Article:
Sun and storms on the shipwreck coast

It’s been a while since I’ve been outdoors in weather as bad as what I experienced last Saturday. Max and I were fishing the Aire, Gellibrand and Curdies estuaries on the Shipwreck Coast (that notorious stretch of cliffs and small beaches between Cape Otway and Warrnambool) and I’ve never been so glad to be a landlubber.

Cliffs looming over the mouth of the Gellibrand.

Often, we were within a hundred metres of monster waves; their crests shredded by the shrieking nor’wester. Inside the river mouths, the buffeting wind, sideways rain and whitecaps were a mere discomfort compared to the plight of anyone unlucky enough to be caught in the wild seas beyond. On days like this, it’s hard to contain an involuntary shiver at the thought of what the early mariners must have endured. You are left to wonder how any ships survived at all.

What storms?

And yet… we were happy to be out in the elements because the bream fishing was the best we’ve found so far this season. Dressed up in a decent jacket and waders, with plenty of layers beneath, it was bracing rather than brutal to be throwing a fly.

Wild and getting wilder.

Every retrieve was full of expectation. That addictive moment when an invisible bream yanks back after a few short, sharp twitches, kept me at it; totally focussed and all but oblivious to the storm. Just one more cast!

On about the tenth bream, I realised this Hammerhead had been crunched at the eye, and was only attached to the tippet by a millimetre of tying thread.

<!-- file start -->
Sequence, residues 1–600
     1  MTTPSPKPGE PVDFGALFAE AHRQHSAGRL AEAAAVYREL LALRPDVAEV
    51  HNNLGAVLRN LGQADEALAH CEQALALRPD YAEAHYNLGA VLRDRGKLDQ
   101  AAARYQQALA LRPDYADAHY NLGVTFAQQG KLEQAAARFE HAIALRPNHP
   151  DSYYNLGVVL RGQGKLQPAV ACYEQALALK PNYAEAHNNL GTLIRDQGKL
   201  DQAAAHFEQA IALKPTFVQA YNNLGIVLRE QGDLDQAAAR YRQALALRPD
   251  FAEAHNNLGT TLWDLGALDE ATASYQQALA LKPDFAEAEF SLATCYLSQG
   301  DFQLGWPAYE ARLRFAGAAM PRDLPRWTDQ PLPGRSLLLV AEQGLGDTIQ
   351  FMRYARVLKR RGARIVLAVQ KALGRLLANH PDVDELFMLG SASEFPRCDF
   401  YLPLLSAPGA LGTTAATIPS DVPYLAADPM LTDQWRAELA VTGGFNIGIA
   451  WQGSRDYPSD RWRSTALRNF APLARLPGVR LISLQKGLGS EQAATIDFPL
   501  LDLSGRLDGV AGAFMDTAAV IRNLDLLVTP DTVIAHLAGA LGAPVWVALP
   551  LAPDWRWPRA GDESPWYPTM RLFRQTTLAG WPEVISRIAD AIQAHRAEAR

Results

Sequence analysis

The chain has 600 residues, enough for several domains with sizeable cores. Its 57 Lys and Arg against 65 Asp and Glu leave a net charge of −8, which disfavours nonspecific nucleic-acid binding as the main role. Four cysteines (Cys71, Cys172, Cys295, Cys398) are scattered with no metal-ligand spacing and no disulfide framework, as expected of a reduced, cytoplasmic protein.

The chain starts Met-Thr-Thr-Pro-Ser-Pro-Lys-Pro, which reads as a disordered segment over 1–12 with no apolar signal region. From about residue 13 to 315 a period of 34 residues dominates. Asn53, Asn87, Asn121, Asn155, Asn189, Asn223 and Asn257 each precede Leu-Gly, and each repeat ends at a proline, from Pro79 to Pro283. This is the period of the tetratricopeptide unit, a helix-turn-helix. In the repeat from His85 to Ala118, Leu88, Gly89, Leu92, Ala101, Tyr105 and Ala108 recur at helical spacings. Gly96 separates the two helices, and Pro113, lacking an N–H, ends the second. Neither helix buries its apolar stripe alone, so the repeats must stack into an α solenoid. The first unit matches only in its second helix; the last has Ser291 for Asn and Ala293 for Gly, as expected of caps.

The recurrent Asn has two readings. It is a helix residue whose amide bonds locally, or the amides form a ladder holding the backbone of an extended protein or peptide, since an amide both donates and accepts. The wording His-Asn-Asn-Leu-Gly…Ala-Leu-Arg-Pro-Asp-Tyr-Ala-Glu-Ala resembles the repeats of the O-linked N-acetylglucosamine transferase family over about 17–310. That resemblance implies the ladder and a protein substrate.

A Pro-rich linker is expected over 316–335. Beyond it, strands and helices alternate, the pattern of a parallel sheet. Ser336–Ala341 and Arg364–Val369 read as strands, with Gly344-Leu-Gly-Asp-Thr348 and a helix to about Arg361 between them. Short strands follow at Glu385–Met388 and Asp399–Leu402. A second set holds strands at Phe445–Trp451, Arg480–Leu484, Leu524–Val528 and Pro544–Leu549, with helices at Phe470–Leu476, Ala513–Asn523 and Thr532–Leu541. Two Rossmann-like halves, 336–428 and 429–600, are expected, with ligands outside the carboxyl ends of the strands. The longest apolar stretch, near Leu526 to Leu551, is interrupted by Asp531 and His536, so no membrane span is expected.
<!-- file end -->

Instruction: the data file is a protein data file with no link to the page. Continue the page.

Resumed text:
It was eventually hunger, not cold, that brought us back to the car for an overdue lunch break.

Wet but happy.

The contrast from the previous day couldn’t have been starker. Then, sunny skies, a light breeze and mid-teen temperatures made the ominous forecast seem fanciful. This turned out to be a day for salmon, not bream, which must have been patrolling the estuary in their hundreds if not thousands. Along half a kilometre of river mouth, most casts were hit by salmon so eager, they sometimes leapt clean out of the water to snatch at a fly lifted off to recast.

Max surveys the mouth of the Aire. Another day, another world.

As is often the case in the estuaries, these salmon weren’t big – maybe a pound tops – but they were so much fun, it was very hard to stop fishing for them and knuckle down to trying for the elusive bream. (Two days later, I caught a 40cm estuary salmon, so it shows the better ones can be there sometimes.)

Salmon in the sunshine.

I suppose the trip overall was a good cross-section of southern salt in winter; one day for soaking in the sunshine, another for just soaking! And the third day somewhere in between. But the fish? Well, it seems they just keep going regardless.